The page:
Quick Question....Going Downhill ...

Topic 17128 | Page 1

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's Comment
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Ok...quick question...we're in Virginia, going through the Smokeys..lots of ups and downs,obviously...my question is, is it normal to smell the brakes right after going downhill? He (my trainer) is using Jake and service brakes to slow us down...not the transmission...even on a 7% downgrade. Normal? We are loaded...should I be nervous?? lol

Gladhand's Comment
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You shouldnt need to use the brakes period when going down hill, especially if the weather is good. If not than you would be using the transmission as much as possible coupled with light jake and light braking. Sounds like your trainer is taking the hills too fast. I can take Donner pass without using my service brakes, so he is definitely taking the hills too fast. It would surprise me if he has never smoked out his brakes.

Old School's Comment
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Hey Robby, I think there's a lot more information we would need to answer this one properly. First I think that much of what Gladhand said may not be applicable in your situation. Donner's, while challenging, is completely different than the sudden changes in grades that you are experiencing in that area of Virginia. I think you will definitely be needing to use your brakes sometimes. But also just the way you described what your trainer is doing is a little confusing because when you say...

He (my trainer) is using Jake and service brakes to slow us down...not the transmission...even on a 7% downgrade.

That can be confusing because the Jakes work in conjunction with the transmission. What I mean by that is that the Jakes are really only effective at holding you back while the engine is turning at higher RPM's. So, to be getting any efficient results from the Jakes you have got to have that engine turning at the higher end of the RPM levels. And the only way to accomplish that is to be using the transmission in a gear that is low enough to accomplish that. If your trainer is not doing that, well he may be using his jakes, but they are not slowing him down much at all. Perhaps that is why you are smelling the brakes.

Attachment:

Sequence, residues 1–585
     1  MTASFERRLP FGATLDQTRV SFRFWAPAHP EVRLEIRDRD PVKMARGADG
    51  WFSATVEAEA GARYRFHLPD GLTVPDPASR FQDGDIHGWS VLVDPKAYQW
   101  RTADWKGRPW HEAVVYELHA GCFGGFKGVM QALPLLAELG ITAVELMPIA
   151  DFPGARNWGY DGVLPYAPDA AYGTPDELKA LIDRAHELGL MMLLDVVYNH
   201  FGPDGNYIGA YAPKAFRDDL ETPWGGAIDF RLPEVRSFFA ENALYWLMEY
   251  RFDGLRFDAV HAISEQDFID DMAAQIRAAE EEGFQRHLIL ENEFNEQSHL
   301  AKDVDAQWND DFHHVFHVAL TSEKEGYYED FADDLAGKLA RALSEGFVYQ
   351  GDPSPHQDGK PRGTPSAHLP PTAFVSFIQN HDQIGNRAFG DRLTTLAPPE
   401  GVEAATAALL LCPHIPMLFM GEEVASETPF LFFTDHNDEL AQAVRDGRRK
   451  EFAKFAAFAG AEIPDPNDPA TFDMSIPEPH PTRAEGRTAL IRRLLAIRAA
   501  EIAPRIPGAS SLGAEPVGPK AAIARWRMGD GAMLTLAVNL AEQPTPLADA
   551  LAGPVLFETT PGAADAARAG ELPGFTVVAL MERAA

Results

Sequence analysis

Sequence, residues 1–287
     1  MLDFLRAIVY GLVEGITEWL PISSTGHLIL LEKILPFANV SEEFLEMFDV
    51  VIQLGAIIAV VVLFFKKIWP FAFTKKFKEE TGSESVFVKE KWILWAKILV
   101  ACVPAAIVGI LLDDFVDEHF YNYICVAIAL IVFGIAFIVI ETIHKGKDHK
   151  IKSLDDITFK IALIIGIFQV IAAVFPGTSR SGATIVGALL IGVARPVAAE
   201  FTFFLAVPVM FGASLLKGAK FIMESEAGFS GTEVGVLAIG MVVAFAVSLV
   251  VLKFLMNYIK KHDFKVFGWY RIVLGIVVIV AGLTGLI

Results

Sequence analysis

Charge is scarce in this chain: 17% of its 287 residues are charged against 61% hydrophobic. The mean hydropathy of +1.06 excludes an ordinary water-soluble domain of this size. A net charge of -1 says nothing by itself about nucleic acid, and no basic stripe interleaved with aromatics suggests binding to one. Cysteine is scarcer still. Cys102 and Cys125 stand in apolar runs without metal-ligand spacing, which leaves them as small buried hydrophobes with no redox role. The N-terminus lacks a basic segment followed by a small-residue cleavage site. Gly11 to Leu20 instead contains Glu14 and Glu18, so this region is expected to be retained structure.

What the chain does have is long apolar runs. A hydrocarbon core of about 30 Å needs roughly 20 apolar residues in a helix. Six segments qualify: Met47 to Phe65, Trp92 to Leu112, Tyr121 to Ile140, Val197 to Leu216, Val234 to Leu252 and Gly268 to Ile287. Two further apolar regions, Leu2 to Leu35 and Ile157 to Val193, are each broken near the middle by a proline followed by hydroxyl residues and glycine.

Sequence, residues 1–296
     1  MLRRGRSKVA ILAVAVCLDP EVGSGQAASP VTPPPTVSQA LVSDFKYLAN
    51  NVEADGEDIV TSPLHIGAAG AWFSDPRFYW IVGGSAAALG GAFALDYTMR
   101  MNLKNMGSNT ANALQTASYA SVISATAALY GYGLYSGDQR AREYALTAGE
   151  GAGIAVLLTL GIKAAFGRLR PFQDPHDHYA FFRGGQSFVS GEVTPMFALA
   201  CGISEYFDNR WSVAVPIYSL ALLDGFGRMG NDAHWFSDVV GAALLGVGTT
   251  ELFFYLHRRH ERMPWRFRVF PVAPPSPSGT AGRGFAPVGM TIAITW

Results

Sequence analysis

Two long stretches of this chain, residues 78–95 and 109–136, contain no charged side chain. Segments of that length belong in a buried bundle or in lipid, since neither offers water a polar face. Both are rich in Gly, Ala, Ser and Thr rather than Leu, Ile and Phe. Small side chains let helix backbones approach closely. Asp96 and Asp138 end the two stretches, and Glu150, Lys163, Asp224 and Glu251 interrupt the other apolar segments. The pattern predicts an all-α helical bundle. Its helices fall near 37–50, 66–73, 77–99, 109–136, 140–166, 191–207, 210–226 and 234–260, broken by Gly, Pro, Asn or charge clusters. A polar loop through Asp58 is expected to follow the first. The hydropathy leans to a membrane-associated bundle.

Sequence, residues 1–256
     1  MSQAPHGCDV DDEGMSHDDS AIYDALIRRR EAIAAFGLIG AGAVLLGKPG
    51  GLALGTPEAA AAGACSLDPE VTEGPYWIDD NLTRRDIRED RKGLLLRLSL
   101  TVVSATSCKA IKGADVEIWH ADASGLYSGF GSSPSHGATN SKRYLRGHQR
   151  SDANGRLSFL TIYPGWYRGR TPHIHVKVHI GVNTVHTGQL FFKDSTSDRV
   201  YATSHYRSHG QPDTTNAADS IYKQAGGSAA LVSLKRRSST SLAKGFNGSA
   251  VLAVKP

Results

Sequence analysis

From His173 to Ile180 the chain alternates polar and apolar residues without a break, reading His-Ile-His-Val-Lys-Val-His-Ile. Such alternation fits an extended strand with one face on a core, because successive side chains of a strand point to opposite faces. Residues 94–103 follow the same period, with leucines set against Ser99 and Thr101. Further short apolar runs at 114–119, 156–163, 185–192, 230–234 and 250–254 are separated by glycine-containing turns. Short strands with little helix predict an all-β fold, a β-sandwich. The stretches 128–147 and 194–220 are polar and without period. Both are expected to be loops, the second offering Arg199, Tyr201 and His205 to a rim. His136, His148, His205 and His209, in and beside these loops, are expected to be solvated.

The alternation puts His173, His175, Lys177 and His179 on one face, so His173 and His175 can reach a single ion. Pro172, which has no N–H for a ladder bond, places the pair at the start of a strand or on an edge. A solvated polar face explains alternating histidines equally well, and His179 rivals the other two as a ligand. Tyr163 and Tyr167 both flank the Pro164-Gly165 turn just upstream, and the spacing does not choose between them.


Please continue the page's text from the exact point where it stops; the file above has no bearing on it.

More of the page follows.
I wouldn't be surprised in those mountains if you are going to need to use your brakes some, but I don't think if you are doing it properly that you should be getting much odor from them. Remember, lower gears will help those Jakes work properly and effectively. You can't stay in tenth gear while rolling down hill and throw on your jakes and expect them to slow you down. They simply can't do their job properly like that. You've got to use all three of those controls together. The combination of the lower gear along with the effectiveness of the Jake brake at those higher RPM levels should keep you from going too fast, but at times if you get to rolling too fast then you want to gently slow yourself down with the service brakes by holding the pedal down for twenty seconds or so, just enough to slow you down to about five to eight miles per hour below the speed that you are comfortable with, and then let off so that as your speed increases a little your brakes can cool a little. Then as you begin to roll faster than you want to be you just rinse and repeat the use of your brake pedal until you've reached the bottom of the hill. If you've chosen the proper gear then this whole process will keep you at a safe descent and will not overheat your brakes.

HOS:

Hours Of Service

HOS refers to the logbook hours of service regulations.

OWI:

Operating While Intoxicated

Scott M's Comment
member avatar